SEPTEMBER 16, 1996
University of Colorado
Special Committee on Tenure and Post Tenure Review
- Today, the tenure system and related faculty issues are
under scrutiny, both from within the higher educational establishment and
from external constituencies. In Colorado, the General Assembly has requested
the Colorado Commission on Higher Education (CCHE) to evaluate the appropriate
faculty roles at public colleges and universities, and to examine specifically
four broad issues: appropriateness of tenure, post-tenure review and faculty
productivity, the balance between full-time and part-time faculty, and
the balance between research and teaching.
- The University of Colorado wishes to assist CCHE in its
task and is taking this opportunity to examine the issues of tenure and
faculty productivity within the four-campus system. President Buechner
has convened a Special Committee on Tenure and Post-Tenure Review (members
listed in Attachment 1). This Preliminary Report offers the Committee's's
initial responses to the issues raised by the General Assembly. Its purpose
is to identify matters for consideration rather than make recommendations,
and to indicate policy directions the Committee will pursue in the next
months. (Attachment 2 provides definitions of common terms encountered
in a discussion of tenure. Attachment 3 contains relevant sections of the
Laws of the Regents regarding tenure and evaluation of faculty.) Future
reports will analyze these issues more fully and offer specific recommendations.
- I. Is tenure appropriate for the University of Colorado?
- At the University of Colorado, tenure is defined to mean
continuous appointment, subject to termination for cause. It is not granted
automatically or on the basis of seniority. In accordance with the Laws
of the Regents, tenure is granted to faculty, after a rigorous probationary
period, on the basis of "meritorious performance" in teaching,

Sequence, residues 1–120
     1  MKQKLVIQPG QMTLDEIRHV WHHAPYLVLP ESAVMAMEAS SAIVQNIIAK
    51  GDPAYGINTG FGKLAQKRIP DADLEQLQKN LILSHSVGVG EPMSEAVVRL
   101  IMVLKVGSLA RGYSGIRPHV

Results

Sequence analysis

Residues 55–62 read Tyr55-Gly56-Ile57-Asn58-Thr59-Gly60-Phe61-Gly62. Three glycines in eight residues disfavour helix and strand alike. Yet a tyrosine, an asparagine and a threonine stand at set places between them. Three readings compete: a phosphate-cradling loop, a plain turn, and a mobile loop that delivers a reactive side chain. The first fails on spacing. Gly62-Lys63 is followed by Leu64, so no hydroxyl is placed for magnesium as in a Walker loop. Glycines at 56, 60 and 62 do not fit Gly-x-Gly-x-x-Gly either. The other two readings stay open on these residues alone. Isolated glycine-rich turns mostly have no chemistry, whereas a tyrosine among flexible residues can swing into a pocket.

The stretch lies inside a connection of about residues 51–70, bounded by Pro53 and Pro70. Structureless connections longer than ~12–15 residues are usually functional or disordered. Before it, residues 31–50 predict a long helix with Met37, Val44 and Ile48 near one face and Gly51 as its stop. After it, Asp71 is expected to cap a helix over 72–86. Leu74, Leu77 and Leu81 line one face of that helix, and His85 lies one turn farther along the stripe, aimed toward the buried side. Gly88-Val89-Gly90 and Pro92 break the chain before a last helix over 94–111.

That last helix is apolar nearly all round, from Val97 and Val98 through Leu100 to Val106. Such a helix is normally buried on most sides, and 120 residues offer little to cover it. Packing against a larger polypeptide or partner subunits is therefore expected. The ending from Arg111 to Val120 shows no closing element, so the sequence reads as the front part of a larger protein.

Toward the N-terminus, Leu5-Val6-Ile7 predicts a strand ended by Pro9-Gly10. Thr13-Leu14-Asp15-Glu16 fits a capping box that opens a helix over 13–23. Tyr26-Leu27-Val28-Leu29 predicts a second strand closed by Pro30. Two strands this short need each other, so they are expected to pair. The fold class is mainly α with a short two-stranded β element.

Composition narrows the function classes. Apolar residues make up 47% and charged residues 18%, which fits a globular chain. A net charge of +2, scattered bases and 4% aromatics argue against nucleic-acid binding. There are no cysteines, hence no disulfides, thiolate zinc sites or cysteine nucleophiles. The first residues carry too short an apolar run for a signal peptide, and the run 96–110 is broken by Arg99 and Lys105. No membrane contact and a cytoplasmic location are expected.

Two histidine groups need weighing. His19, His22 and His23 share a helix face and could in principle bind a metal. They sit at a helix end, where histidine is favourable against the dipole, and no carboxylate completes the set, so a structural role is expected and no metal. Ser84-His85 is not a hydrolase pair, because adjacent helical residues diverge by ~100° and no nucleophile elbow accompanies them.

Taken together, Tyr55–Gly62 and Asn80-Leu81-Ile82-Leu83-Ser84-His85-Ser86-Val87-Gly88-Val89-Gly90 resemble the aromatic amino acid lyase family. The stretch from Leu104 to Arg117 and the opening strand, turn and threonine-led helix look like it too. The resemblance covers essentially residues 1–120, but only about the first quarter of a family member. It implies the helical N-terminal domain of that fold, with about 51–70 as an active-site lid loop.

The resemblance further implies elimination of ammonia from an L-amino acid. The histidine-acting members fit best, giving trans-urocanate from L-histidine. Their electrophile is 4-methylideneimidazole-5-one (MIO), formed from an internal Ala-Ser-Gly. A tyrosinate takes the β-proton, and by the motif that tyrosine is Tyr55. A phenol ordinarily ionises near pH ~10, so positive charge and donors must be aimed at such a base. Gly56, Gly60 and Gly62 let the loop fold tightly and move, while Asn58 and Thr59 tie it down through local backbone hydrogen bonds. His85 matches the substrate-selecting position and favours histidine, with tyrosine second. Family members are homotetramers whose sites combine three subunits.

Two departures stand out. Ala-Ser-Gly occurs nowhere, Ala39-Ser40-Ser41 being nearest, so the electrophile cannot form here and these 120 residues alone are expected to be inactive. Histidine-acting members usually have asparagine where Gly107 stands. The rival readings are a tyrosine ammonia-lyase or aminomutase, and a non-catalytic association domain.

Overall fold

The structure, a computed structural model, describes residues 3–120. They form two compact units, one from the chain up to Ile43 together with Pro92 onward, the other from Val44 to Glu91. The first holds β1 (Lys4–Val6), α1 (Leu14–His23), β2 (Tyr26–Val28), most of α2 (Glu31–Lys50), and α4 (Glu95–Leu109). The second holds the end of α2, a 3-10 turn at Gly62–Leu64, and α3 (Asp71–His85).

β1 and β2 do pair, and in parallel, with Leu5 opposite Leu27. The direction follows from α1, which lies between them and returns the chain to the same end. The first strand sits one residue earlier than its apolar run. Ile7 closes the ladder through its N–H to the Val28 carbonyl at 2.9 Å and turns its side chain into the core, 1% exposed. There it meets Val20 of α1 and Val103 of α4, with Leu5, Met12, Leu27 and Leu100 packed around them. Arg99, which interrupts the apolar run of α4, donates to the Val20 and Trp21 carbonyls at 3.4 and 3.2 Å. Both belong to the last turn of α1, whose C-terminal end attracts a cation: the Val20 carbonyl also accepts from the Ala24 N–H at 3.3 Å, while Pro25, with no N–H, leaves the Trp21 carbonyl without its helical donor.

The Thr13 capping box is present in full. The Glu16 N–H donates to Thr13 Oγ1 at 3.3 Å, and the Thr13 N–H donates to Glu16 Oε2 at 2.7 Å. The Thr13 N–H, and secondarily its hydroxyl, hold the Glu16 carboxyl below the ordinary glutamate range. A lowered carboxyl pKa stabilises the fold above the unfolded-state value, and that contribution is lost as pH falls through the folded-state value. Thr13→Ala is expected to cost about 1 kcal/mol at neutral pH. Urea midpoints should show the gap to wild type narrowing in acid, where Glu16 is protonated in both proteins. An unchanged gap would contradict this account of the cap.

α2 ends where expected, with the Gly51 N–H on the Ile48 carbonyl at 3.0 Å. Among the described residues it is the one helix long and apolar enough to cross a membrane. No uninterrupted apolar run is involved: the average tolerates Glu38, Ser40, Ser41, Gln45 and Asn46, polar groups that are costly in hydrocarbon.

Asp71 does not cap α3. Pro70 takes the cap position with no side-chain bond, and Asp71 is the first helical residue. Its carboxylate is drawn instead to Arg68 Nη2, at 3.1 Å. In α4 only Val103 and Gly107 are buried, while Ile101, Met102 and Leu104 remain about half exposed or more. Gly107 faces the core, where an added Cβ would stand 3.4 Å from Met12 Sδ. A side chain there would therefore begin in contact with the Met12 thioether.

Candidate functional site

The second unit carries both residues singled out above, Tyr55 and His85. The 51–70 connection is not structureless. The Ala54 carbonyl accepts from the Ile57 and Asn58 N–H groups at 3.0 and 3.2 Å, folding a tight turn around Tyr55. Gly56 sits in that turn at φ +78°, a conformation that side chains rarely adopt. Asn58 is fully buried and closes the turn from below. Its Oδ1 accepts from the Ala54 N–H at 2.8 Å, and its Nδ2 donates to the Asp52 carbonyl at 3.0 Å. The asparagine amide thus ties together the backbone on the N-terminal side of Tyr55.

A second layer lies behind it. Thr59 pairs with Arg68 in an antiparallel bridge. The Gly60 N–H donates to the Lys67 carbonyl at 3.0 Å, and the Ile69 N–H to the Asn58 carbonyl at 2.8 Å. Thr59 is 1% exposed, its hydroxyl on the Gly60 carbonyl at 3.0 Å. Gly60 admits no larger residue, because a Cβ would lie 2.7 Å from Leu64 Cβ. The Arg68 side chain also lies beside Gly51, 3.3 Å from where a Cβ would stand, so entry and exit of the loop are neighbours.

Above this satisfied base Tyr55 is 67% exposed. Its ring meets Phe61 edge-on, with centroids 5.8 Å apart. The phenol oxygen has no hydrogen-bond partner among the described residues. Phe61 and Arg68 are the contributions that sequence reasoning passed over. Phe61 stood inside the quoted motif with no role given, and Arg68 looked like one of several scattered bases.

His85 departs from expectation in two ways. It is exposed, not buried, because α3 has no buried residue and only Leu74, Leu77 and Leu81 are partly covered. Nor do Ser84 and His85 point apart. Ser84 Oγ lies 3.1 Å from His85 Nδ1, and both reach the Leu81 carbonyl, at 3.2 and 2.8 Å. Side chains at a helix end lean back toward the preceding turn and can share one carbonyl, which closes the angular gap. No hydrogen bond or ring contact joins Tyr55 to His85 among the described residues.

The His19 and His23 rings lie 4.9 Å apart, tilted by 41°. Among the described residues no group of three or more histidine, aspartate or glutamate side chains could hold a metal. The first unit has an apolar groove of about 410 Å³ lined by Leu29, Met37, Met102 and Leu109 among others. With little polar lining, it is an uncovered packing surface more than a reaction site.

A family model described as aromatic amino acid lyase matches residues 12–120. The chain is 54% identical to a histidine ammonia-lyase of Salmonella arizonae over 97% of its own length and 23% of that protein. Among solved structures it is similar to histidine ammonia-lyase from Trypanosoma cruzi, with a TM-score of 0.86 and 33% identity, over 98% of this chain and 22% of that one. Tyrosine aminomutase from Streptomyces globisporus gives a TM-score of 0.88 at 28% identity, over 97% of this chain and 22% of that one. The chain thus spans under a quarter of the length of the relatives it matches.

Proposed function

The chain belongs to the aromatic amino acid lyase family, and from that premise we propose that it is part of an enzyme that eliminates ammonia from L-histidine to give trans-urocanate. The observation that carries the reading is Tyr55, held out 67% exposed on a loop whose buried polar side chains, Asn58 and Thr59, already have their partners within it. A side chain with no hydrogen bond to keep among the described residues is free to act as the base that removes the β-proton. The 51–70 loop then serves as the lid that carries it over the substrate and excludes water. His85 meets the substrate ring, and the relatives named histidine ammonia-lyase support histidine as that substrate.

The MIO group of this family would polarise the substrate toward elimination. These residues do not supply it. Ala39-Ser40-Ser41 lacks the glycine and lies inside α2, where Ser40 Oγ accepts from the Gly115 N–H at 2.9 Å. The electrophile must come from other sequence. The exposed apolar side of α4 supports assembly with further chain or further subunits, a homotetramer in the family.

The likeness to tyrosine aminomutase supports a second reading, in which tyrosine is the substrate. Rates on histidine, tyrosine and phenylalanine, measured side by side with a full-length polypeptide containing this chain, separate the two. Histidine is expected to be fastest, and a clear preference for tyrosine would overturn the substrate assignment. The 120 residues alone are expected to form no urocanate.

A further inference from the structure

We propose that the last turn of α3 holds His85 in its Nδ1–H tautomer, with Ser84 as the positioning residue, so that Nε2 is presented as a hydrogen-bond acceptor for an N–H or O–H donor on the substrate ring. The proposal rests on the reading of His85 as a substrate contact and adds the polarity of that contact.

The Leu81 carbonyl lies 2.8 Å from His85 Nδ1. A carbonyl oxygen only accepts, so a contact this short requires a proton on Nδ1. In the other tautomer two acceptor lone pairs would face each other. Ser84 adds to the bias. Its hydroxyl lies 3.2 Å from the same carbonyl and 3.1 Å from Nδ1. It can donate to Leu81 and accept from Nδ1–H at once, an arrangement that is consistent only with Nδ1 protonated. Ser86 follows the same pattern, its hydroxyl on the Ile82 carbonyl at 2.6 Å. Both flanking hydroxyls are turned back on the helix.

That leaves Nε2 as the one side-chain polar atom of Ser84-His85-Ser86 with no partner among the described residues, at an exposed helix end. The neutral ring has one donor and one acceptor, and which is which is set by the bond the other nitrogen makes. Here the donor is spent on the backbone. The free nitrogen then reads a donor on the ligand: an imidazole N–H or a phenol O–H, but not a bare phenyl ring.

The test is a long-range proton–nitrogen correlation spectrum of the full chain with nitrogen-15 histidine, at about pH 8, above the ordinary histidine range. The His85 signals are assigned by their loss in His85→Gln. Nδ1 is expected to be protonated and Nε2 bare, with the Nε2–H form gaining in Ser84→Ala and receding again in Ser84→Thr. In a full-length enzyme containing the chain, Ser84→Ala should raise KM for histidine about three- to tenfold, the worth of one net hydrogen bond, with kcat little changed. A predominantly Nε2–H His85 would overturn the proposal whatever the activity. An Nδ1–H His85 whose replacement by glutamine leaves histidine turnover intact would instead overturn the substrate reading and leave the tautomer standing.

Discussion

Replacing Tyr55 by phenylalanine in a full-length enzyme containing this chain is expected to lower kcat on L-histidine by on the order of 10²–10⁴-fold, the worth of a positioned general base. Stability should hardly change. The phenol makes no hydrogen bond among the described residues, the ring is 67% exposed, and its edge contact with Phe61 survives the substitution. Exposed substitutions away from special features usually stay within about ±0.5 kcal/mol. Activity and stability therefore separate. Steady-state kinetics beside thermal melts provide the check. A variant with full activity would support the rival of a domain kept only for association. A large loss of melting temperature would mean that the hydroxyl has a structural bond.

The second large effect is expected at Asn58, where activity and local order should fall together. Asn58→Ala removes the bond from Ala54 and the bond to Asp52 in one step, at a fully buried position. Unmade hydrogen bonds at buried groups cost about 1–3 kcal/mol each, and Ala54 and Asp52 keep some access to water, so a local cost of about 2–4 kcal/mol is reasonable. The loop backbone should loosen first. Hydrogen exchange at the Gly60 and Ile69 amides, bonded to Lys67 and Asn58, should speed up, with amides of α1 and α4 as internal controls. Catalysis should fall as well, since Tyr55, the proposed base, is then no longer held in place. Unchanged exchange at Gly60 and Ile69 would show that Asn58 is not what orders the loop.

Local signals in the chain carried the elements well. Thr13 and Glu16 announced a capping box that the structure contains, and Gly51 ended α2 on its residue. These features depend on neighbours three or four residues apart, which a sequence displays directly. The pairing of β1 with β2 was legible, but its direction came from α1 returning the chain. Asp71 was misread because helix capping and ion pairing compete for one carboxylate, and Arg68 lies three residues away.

research, and service and "demonstrated excellence" in teaching
or research (see Attachment 2). This definition guides our answer: Yes,
tenure is appropriate for the University.
- This answer is not unconsidered or automatic. It reflects
the Committee's view of how to develop a faculty that best serves the State
of Colorado, the University, and its students - a community of superior
scholars and teachers who offer outstanding education to future generations,
participate in the discovery of new knowledge, and provide a great variety
of services within the academic community and to society at large. Both
President Buechner and the Committee believe tenure is essential to recruit
and retain such a faculty. Without tenure, excellence in teaching, research,
and service would be threatened. If Colorado abandoned tenure, some faculty
would go to institutions that retain tenure and quality here would decline.
- There are several aspects of tenure that support the
university's mission in education, research, and service, and also contribute
to the state's economic development:
- Tenure guarantees a climate of free inquiry, in which
faculty and students study and learn the lessons of the past, understand
the present state of knowledge, and pursue new paths of inquiry without
having to adapt to current intellectual preferences or fashions. Tenure
promotes learning and research related to controversial subjects and protects
teachers from inappropriate retribution. The resulting formulation of new
knowledge and ideas improves people's lives and benefits the citizens of
Colorado and the nation.
- Tenure allows faculty to take a long-term approach to
teaching, research, and service rather than pursue short-term goals, as
most other institutions must. Society benefits from the creative space
that tenure provides faculty. But this time to experiment and be creative
is a privilege that demands accountability. Tenured faculty must show that
they are productive as teachers, researchers, and providers of service
to the community. The university must hold faculty accountable in order
to maintain public trust.
- Tenure is a critical factor in attracting and keeping
excellent faculty. Many faculty could work in the private sector and earn
higher salaries. Tenure is a compensating factor that helps to encourage
some talented teachers to accept the lower salaries offered by universities.
Without tenure, faculty might turn to collective bargaining and unionization,
as is presently taking place in Minnesota.
- Tenure protects faculty, and indirectly students, from
academic and administrative actions based on factors other than performance,
such as political pressure and personal prejudice. A free society depends